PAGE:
Local Swimmers Circle St. John; Planned Route Revised To Dodge Sharks

While boating around St. John might be a doable feat, swimming around the island requires a little more legwork.

Just ask Tory Lane and Sara Stevens, two St. John residents who swam around the entire island in 15 separate legs over the course of two months — and even revised their planned course to dodge tiger sharks spotted off the island’s East End.

“It felt great to finish,” Lane said. “When we started, it didn’t seem impossible but it felt like it would take forever. But it ended up going by really fast.”

Lane and Stevens are no novices to swimming. The two swam for their high school and then went on to swim competitively at different colleges.

“We both enjoy swimming and Sarah came up with the idea and we just wanted to do it,” Lane said. “We did one leg last summer but got busy with other things and never finished. So we decided to really get busy this summer and do it.”

Beginning on June 14 at Salt Pond Bay and traveling clockwise around the island, Lane and Stevens spent every weekend for two solid months donning goggles and fins to swim 15 legs measuring between 2.5 and 3.5 miles each.

“We swam together the whole time,” Lane said. “Each leg took just over an hour — an hour-and-a-half was our longest swim, from Chocolate Hole to Caneel.”

Originally, the two had planned to swim a total of 35 miles around St. John, cutting out approximately nine miles by swimming straight from Privateer Bay to Johns Folly and avoiding the shoreline areas of Brown Bay, Hurricane Hole and Coral Bay.

But a close encounter with a 6-foot tiger shark made Lane change their course.

“My brother and I were scuba diving about a mile off the East End, about 140 feet to the bottom out there,” Lane recalled.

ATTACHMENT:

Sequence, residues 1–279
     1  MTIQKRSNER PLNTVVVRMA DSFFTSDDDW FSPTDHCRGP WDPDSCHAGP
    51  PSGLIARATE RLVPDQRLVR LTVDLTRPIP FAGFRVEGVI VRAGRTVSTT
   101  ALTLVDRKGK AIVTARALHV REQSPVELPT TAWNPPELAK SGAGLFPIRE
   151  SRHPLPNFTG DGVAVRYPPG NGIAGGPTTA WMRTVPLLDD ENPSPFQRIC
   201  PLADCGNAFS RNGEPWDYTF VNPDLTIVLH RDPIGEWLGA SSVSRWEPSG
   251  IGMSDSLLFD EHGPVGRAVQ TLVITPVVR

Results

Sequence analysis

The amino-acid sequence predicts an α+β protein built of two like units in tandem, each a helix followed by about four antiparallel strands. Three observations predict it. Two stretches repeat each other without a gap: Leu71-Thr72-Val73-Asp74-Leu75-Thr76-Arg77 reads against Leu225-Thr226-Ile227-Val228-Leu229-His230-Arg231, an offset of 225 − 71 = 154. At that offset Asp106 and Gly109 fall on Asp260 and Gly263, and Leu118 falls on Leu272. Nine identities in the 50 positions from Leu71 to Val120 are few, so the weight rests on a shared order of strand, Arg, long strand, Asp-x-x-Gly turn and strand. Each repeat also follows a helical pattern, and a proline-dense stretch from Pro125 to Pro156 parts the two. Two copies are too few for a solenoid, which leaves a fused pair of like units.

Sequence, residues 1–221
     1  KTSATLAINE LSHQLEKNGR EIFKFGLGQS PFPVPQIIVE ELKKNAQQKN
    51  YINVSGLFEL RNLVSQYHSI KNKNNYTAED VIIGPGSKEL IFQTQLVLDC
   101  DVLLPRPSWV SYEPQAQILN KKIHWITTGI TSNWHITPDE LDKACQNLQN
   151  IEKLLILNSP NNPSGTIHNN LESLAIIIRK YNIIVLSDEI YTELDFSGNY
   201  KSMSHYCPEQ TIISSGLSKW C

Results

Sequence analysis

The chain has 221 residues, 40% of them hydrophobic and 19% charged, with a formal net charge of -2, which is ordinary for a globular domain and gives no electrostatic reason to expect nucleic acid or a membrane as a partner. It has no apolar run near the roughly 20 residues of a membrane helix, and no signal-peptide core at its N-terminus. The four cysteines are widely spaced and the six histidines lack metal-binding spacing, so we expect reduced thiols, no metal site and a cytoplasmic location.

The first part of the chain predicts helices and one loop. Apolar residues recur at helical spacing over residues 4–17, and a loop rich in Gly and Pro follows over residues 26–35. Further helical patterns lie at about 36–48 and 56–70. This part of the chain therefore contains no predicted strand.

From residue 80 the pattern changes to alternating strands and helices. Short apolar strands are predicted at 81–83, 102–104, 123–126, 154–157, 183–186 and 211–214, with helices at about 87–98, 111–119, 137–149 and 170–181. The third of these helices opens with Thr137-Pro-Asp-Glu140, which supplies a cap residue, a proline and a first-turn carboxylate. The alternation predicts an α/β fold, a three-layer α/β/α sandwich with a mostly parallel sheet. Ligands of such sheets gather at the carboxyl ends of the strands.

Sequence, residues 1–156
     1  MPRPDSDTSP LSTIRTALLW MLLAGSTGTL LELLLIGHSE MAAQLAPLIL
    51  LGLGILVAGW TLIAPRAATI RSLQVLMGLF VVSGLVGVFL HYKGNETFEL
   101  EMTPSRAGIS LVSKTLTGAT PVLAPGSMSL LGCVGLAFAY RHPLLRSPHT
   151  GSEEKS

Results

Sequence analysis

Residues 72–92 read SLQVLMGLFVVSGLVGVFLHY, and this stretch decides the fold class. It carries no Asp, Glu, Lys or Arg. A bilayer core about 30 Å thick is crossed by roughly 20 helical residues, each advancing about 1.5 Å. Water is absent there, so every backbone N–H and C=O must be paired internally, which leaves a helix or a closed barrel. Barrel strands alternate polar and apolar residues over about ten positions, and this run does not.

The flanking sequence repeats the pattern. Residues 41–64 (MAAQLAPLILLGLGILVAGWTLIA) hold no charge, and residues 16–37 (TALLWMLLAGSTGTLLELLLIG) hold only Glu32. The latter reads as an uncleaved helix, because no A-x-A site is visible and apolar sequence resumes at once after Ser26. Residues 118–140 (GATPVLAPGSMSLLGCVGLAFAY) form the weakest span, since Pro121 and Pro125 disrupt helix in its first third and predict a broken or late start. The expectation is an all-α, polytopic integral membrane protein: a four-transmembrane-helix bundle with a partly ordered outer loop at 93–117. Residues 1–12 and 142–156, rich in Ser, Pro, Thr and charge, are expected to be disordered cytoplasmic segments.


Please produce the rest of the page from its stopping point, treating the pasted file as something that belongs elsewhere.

Lane and his brother heard about a sunken boat located in the area and took turns diving to look for it late one afternoon in August.

“Normally, we go two at a time, but that day we decided to go separately because it is too deep to anchor out there and someone had to stay in the dinghy,” he said. “So my brother went first, came back up, and then I went down.”

Once Lane began his ascent, he encountered the shark when he was 100 feet below the surface.

“I looked over to my right, and a six-foot tiger shark swam past me and then did a loop and went down below me and started swimming straight toward me from down below,” Lane said, adding that he did not have a spear gun or a knife with him. “So I just put my fins up to kick him away if needed, and he just would swim up to about a few feet away from me and swim away.  And he repeated this four times.”

Kicking his way up the entire time, Lane said the tiger shark followed him all the way to the surface.

“I’ve seen big sharks before, but this one was definitely agitated — he was really trying to check me out,” Lane said. “It definitely was scary, and I didn’t know what was going to happen.”

The shark encounter occurred just before Stevens and Lane were about to swim the leg from Brown Bay so they revised their course by adding three more shoreline legs, bringing the total length they swam around the island to 44 miles.

“I didn’t want to swim in the deep water anymore,” Lane said. “I was a mile off-shore, 100 feet down with that thing. It  spooked me.”

Although Lane and Stevens didn’t encounter any more tiger sharks, they did run into a couple of nurse sharks.

“We saw two nurse sharks,” Lane said. “But they are just big catfish, so they are fine.”

He said swimming the island’s north shore — from Leinster all the way to the East End in the areas only accessible by boat — was his favorite part of the swim.

“There are no buildings out there, there is no runoff and the coral was just really healthy and there are a lot of fish,” Lane said. “I liked the health of the reef, and around Rendezvous, we saw a large school of horse-eyed jacks that were swimming all around us, which was pretty fun.”

Lane and Stevens had such a great time on their swimming circumnavigation that they are planning to do it again ­— this time with their sights set on generating money for local organizations.

“Next time around, next March or April, we are going to try to get some individuals or businesses to sponsor each leg,” Lane said. “We want to give the money to more than one organization, maybe the Love City Pan Dragons or Friends of the Park.

On October 24, St. John Brewers and Woody’s Seafood Saloon are sponsoring a party to celebrate Lane and Stevens’ recent accomplishment at Gibney Beach at noon, and food and drink proceeds will benefit K.A.T.S.